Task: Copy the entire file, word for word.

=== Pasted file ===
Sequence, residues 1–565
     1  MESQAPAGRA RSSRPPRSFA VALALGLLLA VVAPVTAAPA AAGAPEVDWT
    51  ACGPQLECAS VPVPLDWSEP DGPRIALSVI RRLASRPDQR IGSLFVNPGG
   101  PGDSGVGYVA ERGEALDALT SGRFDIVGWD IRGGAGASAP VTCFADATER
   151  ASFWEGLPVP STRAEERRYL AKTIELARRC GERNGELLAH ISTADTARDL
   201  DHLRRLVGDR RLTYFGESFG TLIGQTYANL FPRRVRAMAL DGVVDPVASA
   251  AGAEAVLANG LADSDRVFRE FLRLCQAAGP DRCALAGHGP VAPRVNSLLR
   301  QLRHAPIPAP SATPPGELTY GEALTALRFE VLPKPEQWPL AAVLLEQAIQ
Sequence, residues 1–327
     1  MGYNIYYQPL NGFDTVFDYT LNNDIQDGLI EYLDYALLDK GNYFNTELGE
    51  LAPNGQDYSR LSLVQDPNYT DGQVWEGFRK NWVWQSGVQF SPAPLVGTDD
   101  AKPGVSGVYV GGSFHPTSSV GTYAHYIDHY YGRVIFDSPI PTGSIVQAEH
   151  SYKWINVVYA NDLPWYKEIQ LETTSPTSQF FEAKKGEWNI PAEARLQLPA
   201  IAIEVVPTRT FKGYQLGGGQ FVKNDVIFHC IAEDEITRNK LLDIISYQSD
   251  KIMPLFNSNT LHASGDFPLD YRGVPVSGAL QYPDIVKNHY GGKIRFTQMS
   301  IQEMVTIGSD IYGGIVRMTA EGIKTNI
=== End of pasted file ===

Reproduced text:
Sequence, residues 1–565
     1  MESQAPAGRA RSSRPPRSFA VALALGLLLA VVAPVTAAPA AAGAPEVDWT
    51  ACGPQLECAS VPVPLDWSEP DGPRIALSVI RRLASRPDQR IGSLFVNPGG
   101  PGDSGVGYVA ERGEALDALT SGRFDIVGWD IRGGAGASAP VTCFADATER
   151  ASFWEGLPVP STRAEERRYL AKTIELARRC GERNGELLAH ISTADTARDL
   201  DHLRRLVGDR RLTYFGESFG TLIGQTYANL FPRRVRAMAL DGVVDPVASA
   251  AGAEAVLANG LADSDRVFRE FLRLCQAAGP DRCALAGHGP VAPRVNSLLR
   301  QLRHAPIPAP SATPPGELTY GEALTALRFE VLPKPEQWPL AAVLLEQAIQ
Sequence, residues 1–327
     1  MGYNIYYQPL NGFDTVFDYT LNNDIQDGLI EYLDYALLDK GNYFNTELGE
    51  LAPNGQDYSR LSLVQDPNYT DGQVWEGFRK NWVWQSGVQF SPAPLVGTDD
   101  AKPGVSGVYV GGSFHPTSSV GTYAHYIDHY YGRVIFDSPI PTGSIVQAEH
   151  SYKWINVVYA NDLPWYKEIQ LETTSPTSQF FEAKKGEWNI PAEARLQLPA
   201  IAIEVVPTRT FKGYQLGGGQ FVKNDVIFHC IAEDEITRNK LLDIISYQSD
   251  KIMPLFNSNT LHASGDFPLD YRGVPVSGAL QYPDIVKNHY GGKIRFTQMS
   301  IQEMVTIGSD IYGGIVRMTA EGIKTNI